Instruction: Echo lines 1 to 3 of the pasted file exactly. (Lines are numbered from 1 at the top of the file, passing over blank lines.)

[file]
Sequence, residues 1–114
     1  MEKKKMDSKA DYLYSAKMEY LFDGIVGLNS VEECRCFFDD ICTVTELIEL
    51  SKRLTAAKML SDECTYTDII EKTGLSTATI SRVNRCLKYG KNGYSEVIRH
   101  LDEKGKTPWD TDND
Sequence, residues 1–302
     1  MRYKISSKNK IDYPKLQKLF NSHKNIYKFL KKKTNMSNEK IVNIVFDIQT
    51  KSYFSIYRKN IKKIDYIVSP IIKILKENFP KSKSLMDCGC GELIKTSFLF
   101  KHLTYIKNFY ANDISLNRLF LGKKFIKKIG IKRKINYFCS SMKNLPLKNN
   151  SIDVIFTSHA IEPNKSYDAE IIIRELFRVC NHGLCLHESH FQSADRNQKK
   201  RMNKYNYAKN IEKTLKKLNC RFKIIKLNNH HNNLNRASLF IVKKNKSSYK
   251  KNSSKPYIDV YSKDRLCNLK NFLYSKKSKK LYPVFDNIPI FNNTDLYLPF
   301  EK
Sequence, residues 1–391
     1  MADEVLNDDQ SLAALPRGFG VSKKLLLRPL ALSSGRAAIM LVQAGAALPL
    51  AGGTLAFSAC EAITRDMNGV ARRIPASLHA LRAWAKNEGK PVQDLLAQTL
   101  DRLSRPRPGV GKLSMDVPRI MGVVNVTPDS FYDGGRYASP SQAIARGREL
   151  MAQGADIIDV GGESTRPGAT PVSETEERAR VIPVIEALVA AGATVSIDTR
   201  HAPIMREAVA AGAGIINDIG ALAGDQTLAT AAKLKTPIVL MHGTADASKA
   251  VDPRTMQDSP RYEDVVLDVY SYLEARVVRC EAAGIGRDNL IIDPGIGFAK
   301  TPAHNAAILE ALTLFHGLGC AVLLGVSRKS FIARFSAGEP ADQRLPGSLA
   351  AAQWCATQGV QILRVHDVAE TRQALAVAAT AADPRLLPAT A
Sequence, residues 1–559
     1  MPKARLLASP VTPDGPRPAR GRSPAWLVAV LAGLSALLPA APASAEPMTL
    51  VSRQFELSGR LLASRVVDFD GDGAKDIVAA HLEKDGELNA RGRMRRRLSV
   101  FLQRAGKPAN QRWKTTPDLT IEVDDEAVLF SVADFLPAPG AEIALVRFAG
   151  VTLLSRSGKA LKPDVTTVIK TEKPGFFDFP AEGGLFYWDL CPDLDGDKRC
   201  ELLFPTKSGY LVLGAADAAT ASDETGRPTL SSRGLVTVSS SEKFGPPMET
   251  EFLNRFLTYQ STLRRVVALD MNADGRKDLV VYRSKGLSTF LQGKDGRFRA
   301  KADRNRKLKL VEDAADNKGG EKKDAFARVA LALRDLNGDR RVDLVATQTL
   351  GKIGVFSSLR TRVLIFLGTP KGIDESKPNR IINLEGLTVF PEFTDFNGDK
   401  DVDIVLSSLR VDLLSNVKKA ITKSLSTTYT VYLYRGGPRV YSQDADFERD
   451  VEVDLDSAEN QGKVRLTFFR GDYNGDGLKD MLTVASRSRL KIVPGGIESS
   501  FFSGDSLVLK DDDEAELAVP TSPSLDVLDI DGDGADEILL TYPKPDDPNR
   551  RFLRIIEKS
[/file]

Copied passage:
Sequence, residues 1–114
     1  MEKKKMDSKA DYLYSAKMEY LFDGIVGLNS VEECRCFFDD ICTVTELIEL
    51  SKRLTAAKML SDECTYTDII EKTGLSTATI SRVNRCLKYG KNGYSEVIRH